Wales is not a priority for Labour
SIR - Tuesday's article on how "Wales and the regions" could lose out on £2.8bn to London as a result of the 2012 Olympics can hardly have come as a surprise. However, the Labour Government in Westminster continues to bury its head in the sand, reassuring those of us that live outside London that "steps will be taken" to redress the balance.
On the same day, we are told that the Welsh Commonwealth Team will leave for Melbourne having received just £25,000 of a £150,000 grant from the Labour Government in the Assembly, leaving the governing body to search for a loan to cope with a huge cash-flow problem. It is clear from these two stories that Wales is not top of Labour's list of priorities in either Westminster or Cardiff Bay.
It is also understood that with the concentration of lottery funding on the London Olympics in 2012, funding to Wales will be cut by a half from 2008 onwards. This will be catastrophic for bodies such as the Welsh Sports Council and it is high time that the Labour Assembly Government explained how this massive setback will be overcome.
OWEN JOHN THOMAS AM
Shadow Minister for Culture, Welsh Language and Sport
SIR - I am truly amazed at the response of our Assembly members to the recent Council Tax rebanding inflicted on Wales. Of all the UK regions, poor Wales has been the subject of this iniquitous process. You would thought that our regional leaders would have been "up in arms" at the unfairness of the scheme.
Instead we have heard the following lame justification:
a: it is the Law( but not in England or Scotland)
b: Council Tax in Wales is 20% lower in Wales. (If so then please explain why my Band H property costs £2,040 pa compared to Band H in Westminster of £1236)
c: it is a re-distribution of the Council Tax burden(Perhaps the Assembly could have forgone the £50m extravagance of a new debating chamber and really helped the poor of Wales - maybe it could even have been put to a People's vote! )
Like many others, I feel betrayed that our leaders operate with double standards and seem to have no real interest in the welfare of the principality which they are supposed to represent. They acquiesce in a completely unfair piece of legislation because it provides more money to splatter in an irresponsible manner.
Assembly Members of all parties should be ashamed of themselves for allowing this situation to occur.
If they will not stand up for their electorate then the people must make a stand on a matter of principle.
Park Street, Bridgend
SIR - The Royal Mail must operate the biggest rip off con ever. I'm referring to the standard one pound handling fee if an item is to be delivered with deficient postage.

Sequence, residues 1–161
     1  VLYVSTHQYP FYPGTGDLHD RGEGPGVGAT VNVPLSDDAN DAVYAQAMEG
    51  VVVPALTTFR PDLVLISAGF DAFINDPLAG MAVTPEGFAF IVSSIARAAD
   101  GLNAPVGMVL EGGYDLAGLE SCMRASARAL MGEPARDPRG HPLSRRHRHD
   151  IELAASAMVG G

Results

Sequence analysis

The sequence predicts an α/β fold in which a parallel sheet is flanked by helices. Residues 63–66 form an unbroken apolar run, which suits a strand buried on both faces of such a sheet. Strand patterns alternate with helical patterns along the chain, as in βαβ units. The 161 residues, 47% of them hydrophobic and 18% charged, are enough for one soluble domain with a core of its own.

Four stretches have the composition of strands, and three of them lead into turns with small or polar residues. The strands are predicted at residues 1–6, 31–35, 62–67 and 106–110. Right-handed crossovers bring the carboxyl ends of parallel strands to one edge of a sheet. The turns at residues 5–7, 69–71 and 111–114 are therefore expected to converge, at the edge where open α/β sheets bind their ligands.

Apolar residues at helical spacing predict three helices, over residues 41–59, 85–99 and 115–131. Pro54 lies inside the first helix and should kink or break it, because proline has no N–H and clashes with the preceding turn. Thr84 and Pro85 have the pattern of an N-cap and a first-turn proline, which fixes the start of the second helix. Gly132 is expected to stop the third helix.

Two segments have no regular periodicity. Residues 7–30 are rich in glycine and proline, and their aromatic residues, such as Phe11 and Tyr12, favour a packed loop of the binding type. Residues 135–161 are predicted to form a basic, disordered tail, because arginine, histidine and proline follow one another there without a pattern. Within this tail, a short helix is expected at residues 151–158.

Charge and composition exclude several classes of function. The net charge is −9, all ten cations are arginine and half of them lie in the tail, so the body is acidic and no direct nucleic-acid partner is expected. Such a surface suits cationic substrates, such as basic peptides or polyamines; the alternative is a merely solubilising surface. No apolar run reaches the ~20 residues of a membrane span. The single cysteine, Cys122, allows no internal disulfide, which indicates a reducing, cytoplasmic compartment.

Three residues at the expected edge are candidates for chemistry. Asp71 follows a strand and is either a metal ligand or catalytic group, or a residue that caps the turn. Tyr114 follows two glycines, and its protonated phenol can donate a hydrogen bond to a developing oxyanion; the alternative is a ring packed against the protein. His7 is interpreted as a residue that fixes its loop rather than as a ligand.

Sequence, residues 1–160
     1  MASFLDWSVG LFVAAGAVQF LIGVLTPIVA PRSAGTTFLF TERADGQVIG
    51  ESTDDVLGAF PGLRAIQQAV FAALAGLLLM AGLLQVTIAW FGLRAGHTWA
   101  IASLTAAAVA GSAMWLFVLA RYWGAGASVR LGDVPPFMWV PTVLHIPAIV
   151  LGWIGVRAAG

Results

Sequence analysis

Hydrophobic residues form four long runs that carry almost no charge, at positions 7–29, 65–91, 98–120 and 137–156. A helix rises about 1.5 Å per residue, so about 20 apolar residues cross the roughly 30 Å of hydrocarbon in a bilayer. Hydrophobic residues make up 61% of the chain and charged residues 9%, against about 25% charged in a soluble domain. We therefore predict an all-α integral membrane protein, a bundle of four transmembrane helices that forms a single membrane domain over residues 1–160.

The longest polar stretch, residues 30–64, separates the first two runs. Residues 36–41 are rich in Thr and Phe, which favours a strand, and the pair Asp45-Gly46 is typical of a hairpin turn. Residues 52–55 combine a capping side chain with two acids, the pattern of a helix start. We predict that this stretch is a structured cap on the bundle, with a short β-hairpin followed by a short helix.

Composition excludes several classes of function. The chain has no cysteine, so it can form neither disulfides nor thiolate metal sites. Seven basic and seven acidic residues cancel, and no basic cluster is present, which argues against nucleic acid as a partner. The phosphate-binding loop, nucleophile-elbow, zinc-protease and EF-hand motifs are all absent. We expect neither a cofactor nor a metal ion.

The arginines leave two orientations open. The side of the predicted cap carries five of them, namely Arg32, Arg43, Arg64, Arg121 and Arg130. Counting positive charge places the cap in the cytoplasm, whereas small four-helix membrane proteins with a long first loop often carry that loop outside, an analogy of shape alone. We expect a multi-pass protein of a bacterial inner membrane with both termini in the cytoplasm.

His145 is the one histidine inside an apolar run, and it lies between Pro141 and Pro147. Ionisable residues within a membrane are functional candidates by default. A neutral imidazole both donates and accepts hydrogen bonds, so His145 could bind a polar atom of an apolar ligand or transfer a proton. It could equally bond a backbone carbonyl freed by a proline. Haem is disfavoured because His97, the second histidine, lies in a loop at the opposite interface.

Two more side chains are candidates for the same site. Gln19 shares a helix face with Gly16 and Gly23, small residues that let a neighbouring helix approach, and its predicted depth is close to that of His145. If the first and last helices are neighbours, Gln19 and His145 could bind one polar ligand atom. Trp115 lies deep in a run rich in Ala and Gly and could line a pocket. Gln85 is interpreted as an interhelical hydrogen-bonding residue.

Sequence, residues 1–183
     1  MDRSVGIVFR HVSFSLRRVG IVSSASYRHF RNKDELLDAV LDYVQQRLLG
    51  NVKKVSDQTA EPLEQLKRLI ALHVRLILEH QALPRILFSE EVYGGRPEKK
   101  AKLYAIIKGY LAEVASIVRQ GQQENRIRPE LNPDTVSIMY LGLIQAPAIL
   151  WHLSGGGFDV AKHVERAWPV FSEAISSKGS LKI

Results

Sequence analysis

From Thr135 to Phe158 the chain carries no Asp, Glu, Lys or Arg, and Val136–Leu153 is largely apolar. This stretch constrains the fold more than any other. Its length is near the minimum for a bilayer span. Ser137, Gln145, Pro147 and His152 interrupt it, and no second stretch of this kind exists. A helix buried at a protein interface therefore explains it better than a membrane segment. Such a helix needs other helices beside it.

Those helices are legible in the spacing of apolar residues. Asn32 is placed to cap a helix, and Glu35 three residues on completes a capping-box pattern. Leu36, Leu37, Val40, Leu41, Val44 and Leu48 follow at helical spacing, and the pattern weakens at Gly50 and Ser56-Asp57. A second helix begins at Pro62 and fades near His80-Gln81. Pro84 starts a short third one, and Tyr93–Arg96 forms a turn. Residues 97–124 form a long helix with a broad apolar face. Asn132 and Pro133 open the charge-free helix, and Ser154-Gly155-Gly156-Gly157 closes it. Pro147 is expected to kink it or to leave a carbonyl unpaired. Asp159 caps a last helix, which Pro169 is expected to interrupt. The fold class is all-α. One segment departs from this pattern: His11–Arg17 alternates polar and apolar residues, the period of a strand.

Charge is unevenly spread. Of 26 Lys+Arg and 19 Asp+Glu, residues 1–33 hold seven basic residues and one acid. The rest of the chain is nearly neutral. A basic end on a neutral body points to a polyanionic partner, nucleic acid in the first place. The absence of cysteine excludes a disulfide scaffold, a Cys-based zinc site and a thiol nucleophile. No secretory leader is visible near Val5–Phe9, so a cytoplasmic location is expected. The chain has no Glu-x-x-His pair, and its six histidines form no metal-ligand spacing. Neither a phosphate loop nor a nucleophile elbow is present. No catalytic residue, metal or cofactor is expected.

Last week I was notified by the local sorting office, that they had a letter for me which had a deficient postage of a massive five pence with the handling charge.
I had to pay a total of £1.05.
All of these decisions are made at main areas sorting office.
This rip off handling charge must generate thousands of pounds annually.
If any of your readers are asked to pay this deficient postage demand that they weigh the item in your presence.
I had a similar experience last year when I was told that I had to pay £1.75 deficient postage. Asking them to weigh the item in my presence, it was found that it had enough postage and it was a human error by postal staff.
This sorting office tried to con me for £1.75, and I would urge people in similar circumstances to change their human errors it will save you money.
The same Hain?
SIR - I was surprised to read the letter by your correspondent Peter Hain MP. Is this the same Peter Hain who campaigns for democracy and minority rights in far flung parts of the world?
The implications of his comments are astonishing. Opposition party offices to be closed and funding favoured for the government party - for a moment I was beginning to wonder if I was reading about the politics of Zimbabwe! With the Labour hierarchy having spent much of the summer filing bogus complaints about an opposition AM on maternity leave we can now look forward to them discarding the red flag at conference in favour of the waving of red herrings.
It could be argued that the "Clwyd West Question" of having opposition offices in constituency seats held by the government was solved by the rather fortunate loss of the said member for Clwyd West in the general election!